A 1967 single-pickup Guild Capri CE-100
The 'D' was dropped at some point after the single pickup version was deleted.
||One single coil pickup: initially a Franz soapbar, then briefly a DeArmond, before changing to a Guild humbucker in 1963.
||As the CE-100, but with two pickups. Additionally, new model Guild HB-1 pickups were fitted in the 1980s.
||Maple top, back and sides. Width 16 3/8", length 20 1/4", depth 2 7/8"
||Three-piece mahogany laminate, changing to three-piece maple in the late 1970s. Rosewood fingerboard with block pearl inlays, Chesterfield inlay.
||24 3/4", although the 1975 and 1978 Guild catalogue state a scale length of 25 5/8" - changing back to 24 3/4" for the 1982 Guild catalogue.
||Harp tailpiece, rosewood bridge, Waverly, Grover StaTite or Japanese-made (no name) tuning keys.
black (only 1956-58)
This was the first Guild to feature a Florentine cutaway. It is a full-depth body guitar, suitable for jazz and blues. It remained in the Guild catalogue continually, although changing a little over the course of it's production. Most of these changes were also evident in other Guild models; pickups changed throughout the decades (most notably to Guild humbuckers in 1963), the scale was lengthened for a few years in the 1970s, and the mahogany neck was switched to maple from 1976.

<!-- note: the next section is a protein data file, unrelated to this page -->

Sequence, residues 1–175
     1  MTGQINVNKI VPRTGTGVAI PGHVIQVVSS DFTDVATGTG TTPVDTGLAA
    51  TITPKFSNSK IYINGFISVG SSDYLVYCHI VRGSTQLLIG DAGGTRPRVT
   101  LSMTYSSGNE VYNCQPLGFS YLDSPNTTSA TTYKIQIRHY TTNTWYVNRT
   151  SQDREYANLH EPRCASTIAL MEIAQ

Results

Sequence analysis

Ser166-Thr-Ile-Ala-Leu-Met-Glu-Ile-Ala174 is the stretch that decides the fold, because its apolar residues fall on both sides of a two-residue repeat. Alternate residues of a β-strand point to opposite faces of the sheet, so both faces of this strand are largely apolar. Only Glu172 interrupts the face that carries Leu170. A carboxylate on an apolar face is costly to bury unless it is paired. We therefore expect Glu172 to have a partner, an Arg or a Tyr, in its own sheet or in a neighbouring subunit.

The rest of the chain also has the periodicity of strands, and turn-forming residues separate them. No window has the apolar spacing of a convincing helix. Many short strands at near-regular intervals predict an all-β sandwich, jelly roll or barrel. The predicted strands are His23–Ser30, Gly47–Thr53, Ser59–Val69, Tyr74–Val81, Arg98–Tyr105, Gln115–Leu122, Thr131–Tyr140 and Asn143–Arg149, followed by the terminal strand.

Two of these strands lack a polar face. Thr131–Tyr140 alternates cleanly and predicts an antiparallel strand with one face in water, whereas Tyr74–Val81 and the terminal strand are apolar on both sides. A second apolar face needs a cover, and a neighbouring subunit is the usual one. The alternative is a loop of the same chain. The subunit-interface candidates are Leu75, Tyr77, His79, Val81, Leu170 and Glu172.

The most similar instrument to the Capri was the Gibson ES-125C (single pickup) or ES-125CD (double pickup). Both had approximately the same body dimensions, materials (depending on year), necks, scale (again, depending on year) and price.
The Epiphone Sorrento, ES-125T and Guild T-100 are again very similar, although thinline, rather than full body versions.
Prices in 1969 were as follows:
|Guild T-100 (thinline)||$255|
|Gibson ES-125TCD (thinline)||$355|
|Guild T-100D (thinline)||$310|